26 February 2010 08:53 AM

Gratitude Journals

by rbavaria

One of the most frequent pieces of advice you’ll see here at the Dr. Rick Blog is to establish and maintain healthy, productive routines for children.  Kids of all ages, pre-school to teens, need and want routines.  The routines make them feel safe, able to predict what’s expected of them, and provide them with reassuring structure.  Routines help kids develop lifelong habits – a strong work ethic, strong values, healthy attitudes, and deep beliefs.


Routines take many forms.  Bedtime and morning routines.  Mealtime routines.  Homework and study routines.  Play and family time routines.  Weekend routines.  There are, of course, times when the routines are discarded – vacations, celebrations, holidays – and that makes the freedom all the more special.  But special or not, we all know the often-felt but seldom-acknowledged relief when vacation’s over and we can sleep in our own bed again and return to comforting routines.


So, here’s another idea for a routine that can add fun, inspiration, and some daily quiet time to your family’s life.  Maintain a gratitude journal, where you individually or as a family write down the one thing you’re grateful for on this day.

  1. The format doesn’t matter.  The journal can be in a fancy leather-bound notebook, an inexpensive three-ring binder, or an electronic format.  Doesn’t matter.  What does matter is that there’s some time – just before bed makes sense – for everyone to quiet down, reflect on the day, and put in simple words the one thing (or person or event or thought) you’re grateful for today.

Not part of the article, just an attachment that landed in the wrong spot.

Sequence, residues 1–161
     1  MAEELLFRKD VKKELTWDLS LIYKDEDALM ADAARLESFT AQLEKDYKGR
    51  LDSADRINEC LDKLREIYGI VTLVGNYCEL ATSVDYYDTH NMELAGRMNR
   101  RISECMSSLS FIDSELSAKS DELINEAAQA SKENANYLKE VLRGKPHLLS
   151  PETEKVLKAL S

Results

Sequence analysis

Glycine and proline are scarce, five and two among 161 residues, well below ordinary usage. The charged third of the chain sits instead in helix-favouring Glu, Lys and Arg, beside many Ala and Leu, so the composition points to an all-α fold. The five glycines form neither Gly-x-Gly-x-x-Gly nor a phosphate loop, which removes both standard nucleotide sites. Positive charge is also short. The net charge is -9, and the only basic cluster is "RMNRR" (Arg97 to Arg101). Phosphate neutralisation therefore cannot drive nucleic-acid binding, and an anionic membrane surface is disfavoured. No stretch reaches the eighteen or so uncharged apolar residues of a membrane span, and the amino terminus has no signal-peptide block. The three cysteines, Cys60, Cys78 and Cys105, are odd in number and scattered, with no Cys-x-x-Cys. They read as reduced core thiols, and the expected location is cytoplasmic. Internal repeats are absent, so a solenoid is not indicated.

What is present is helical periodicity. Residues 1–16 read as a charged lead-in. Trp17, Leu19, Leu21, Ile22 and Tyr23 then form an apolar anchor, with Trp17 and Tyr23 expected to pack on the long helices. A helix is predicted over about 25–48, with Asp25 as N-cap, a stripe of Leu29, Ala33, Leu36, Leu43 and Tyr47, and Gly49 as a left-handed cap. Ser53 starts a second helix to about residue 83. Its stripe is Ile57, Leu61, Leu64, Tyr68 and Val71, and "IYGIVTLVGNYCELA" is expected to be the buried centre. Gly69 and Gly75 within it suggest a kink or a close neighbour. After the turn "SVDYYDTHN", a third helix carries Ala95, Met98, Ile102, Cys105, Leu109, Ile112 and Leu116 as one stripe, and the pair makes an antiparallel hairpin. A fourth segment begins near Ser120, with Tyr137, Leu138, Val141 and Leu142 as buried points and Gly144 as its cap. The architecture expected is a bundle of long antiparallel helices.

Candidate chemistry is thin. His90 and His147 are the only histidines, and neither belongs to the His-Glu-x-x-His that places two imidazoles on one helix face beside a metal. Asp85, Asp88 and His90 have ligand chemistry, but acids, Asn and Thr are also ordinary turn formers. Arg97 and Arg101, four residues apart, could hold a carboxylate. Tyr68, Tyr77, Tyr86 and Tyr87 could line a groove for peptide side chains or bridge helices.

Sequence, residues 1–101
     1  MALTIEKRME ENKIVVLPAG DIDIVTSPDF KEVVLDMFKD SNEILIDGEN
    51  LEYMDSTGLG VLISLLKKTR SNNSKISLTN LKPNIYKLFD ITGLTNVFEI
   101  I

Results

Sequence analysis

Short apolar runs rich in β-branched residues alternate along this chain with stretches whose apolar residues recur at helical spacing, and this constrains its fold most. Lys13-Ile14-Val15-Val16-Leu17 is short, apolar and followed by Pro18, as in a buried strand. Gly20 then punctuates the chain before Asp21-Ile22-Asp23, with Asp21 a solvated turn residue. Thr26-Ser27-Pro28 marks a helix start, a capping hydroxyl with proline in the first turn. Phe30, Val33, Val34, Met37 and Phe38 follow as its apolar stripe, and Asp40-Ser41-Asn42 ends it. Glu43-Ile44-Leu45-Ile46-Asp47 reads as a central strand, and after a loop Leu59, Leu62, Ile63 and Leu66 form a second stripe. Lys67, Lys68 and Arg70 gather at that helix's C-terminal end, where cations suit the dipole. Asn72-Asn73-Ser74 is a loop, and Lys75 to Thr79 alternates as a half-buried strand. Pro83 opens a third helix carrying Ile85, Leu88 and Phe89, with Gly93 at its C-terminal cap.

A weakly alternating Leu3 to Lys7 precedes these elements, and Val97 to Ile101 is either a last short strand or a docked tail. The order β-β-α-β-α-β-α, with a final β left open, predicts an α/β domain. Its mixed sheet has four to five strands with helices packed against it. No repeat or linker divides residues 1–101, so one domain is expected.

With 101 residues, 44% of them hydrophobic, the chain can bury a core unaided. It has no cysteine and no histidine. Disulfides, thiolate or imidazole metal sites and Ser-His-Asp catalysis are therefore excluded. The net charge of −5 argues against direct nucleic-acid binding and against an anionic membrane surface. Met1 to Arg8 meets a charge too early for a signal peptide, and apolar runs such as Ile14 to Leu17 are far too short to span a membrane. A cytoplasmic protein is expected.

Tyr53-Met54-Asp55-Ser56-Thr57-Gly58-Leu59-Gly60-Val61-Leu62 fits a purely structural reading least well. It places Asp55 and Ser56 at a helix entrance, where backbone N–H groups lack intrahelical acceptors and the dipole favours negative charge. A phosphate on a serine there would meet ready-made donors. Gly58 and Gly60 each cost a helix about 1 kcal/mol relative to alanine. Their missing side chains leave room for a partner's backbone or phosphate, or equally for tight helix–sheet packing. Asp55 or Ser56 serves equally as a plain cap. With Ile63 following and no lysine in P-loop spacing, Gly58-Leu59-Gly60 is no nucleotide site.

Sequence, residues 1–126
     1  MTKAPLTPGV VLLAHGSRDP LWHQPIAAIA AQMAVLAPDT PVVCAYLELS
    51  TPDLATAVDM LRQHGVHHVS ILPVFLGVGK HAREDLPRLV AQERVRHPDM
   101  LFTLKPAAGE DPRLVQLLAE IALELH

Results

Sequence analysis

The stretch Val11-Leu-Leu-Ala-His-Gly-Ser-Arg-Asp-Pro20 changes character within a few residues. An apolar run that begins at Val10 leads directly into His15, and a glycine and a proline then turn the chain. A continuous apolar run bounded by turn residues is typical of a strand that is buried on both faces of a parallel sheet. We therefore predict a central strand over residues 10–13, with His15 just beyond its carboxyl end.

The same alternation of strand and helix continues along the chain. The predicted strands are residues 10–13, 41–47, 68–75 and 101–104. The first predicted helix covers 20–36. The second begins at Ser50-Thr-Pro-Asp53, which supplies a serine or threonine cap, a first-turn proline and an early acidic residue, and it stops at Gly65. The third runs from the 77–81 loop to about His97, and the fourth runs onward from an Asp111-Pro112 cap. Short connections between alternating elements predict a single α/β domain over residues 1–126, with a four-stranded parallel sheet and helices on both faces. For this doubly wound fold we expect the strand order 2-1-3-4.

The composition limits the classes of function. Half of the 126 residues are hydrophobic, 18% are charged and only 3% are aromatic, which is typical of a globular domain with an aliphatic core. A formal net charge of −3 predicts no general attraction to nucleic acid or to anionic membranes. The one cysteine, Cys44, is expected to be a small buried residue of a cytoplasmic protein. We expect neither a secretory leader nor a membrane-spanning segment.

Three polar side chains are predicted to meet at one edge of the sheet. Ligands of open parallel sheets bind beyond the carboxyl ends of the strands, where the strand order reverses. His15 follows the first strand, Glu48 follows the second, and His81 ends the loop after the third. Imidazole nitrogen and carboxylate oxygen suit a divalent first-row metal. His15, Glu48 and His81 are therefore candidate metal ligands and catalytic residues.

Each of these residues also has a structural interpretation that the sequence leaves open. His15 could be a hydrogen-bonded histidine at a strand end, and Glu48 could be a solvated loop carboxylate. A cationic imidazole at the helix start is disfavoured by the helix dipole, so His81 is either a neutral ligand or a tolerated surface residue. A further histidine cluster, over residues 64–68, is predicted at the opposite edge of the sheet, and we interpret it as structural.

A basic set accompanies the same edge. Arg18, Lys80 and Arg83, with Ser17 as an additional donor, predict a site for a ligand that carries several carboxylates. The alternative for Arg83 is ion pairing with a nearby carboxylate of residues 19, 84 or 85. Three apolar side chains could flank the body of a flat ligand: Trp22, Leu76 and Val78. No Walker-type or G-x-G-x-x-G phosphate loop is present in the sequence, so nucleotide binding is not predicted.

2. Everything counts.  You’ll be surprised at what your kids will write.  Sometimes it’ll be humorous, sometimes touching, sometimes seemingly out of left field.  They will also get insights into what makes you grateful, and it’s a great opportunity to show support and encouragement for them.  (“Today I’m grateful and proud that Cindy got an A on her spelling test.  It sure seems as if her studying is paying off.”)

  3. It can be private or shared.  Some people like to share what they’ve written.  Others like to keep their journals private.  Either way works.  The important thing is that you’re spending some time thinking, writing, and establishing a practice that can be maintained lifelong.

  4. Be creative.  I’ve seen journals that are little works of art, full of illustrations, clippings, photos, and meaningful quotations.  They become as much scrapbook or memory book as journal.  That’s okay.  (I know families where the journals become prized possessions, brought out years later as reminders of family togetherness.)

  5. Notice the effect it’ll have.  Once the practice is set, give it some time, then notice how everyone becomes more attuned to the positive in their lives, how they quietly get in the habit of grateful thinking, how the simple act of writing loses its anxiety because it’s a daily occurrence, how everyone increasingly notices the simple happy moments and acts of kindness they encounter.

If a little routine of a few minutes’ writing each evening creates bedtime quiet, encourages reflection, brings the family together, and supports an important skill like writing, what’s not to like?


Share gratitude or two with us here at Dr. Rick Blog.  What’s your family grateful for today?



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